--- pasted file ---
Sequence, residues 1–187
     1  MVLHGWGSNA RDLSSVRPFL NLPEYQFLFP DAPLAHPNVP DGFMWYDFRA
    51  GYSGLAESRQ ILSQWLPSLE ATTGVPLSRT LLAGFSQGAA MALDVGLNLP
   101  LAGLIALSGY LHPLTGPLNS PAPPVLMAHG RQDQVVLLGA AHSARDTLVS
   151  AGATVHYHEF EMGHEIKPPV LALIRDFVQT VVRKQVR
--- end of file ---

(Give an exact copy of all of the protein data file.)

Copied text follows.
Sequence, residues 1–187
     1  MVLHGWGSNA RDLSSVRPFL NLPEYQFLFP DAPLAHPNVP DGFMWYDFRA
    51  GYSGLAESRQ ILSQWLPSLE ATTGVPLSRT LLAGFSQGAA MALDVGLNLP
   101  LAGLIALSGY LHPLTGPLNS PAPPVLMAHG RQDQVVLLGA AHSARDTLVS
   151  AGATVHYHEF EMGHEIKPPV LALIRDFVQT VVRKQVR